Former Choral Scholar, Fiona Spencer, describes her experience returning to Nottingham to sing for Spem in Alium
Photo credit: Ian R Marshall
There are few pieces as beautiful as Tallis’ spectacular 40-part motet, Spem in Alium. Written in the 17th century, for eight different choirs, performing Spem is a choral right of passage – not to mention a feat of counting and concentration! So, when Alex sent out a call for singers to bolster the ever fabulous Nottingham Cathedral Choir, I jumped at the chance.
Now living (and of course singing) in Bristol, I travelled up to Nottingham on the Friday evening, looking forward to catching up with old friends in what was sure to be another fantastic concert under Alex Patterson’s baton. Stepping into the Cathedral Hall, the buzz was already palpable. Familiar faces, choral scholars and choir members old and new were assembling in a large circle around the room, scores at the ready. Spem is a big sing. So after two hours of rehearsal, it was time for a quick round of refreshments at the pub, before a good night’s sleep, ready to return again at lunchtime on Saturday. Concert day nerves and excitement were in the air, and after a successful run through of the programme, including Handel’s epic Dixit Dominus, we were ready to welcome a very excited audience into the cathedral.
The concert started with three beautiful motets, carefully selected to compliment the main event. The full, beautiful breadth of the cathedral acoustic was used, with small groups performing in the Lady Chapel, the Blessed Sacrament chapel and on the Sanctuary itself. The fabulous Helix Ensemble gave the choir a short rest, performing Purcell’s Chacony in G minor, the beautiful melody floating around the cathedral as the choir readied themselves for the main event. For Spem in Alium itself, the eight choirs circled the audience for a true surround sound experience. The performance kicked off with the iconic motif which starts in choir one and travels throughout the eight choirs as the piece progresses. Every member of the choir was intent on Alex’s conducting, soaking up the energy he was giving and pouring it into every note and every word. The audience were transfixed throughout, and must have enjoyed what they heard, as they gave a standing ovation as the piece came to a close.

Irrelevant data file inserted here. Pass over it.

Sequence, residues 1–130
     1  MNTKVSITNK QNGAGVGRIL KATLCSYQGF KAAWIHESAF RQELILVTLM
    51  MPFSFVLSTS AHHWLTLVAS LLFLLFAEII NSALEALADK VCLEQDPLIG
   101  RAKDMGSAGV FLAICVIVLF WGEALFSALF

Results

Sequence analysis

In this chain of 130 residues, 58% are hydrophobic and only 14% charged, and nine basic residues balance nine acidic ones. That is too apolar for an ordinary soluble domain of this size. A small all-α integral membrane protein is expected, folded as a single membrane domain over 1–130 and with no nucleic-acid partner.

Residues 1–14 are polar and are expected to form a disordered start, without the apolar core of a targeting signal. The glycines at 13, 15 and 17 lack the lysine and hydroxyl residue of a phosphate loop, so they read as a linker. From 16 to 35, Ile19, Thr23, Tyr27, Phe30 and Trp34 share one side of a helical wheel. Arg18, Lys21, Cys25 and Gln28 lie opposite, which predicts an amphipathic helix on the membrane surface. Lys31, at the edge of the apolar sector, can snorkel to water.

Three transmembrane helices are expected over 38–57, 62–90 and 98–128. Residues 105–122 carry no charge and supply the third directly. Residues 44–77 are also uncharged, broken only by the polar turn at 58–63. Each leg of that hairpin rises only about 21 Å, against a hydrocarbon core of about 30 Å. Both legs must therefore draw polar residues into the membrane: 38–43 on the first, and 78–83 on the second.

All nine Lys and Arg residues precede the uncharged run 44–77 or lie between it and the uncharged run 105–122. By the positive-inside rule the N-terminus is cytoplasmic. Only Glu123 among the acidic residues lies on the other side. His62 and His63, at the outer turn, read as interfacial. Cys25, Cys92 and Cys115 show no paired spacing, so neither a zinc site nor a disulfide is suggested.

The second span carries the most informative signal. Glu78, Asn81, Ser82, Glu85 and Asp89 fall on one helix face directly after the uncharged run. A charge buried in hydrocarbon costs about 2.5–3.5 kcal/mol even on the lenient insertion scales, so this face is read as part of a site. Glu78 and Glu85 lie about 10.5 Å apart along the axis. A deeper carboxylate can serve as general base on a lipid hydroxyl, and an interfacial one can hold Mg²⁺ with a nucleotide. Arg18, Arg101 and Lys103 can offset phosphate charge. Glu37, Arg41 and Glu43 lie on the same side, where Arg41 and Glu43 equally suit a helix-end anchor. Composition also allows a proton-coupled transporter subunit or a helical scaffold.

Buoyed by a brilliant first half performance, in the second half we were joined by the Helix Ensemble to perform Handel’s Dixit Dominus. A notoriously difficult piece to perform, the choir had clearly spent time committing the piece to memory. A confident, and moving performance ensued. My personal highlight of the concert was the outstanding performances from the soloists during the Handel. The Nottingham Cathedral choral scholarships have long been a platform for talented young people to share and hone their gift every Sunday morning. These solos gave them a chance to showcase this. The standard of singing was truly outstanding, particularly when you consider that many other choirs bring in professional soloists to cover this.
It was a fantastic performance, and I was so pleased to be a part of it, and hugely proud of the Cathedral Choir in both the standard of singing, and the ever welcoming, fun atmosphere that surrounds it. Well done everyone.
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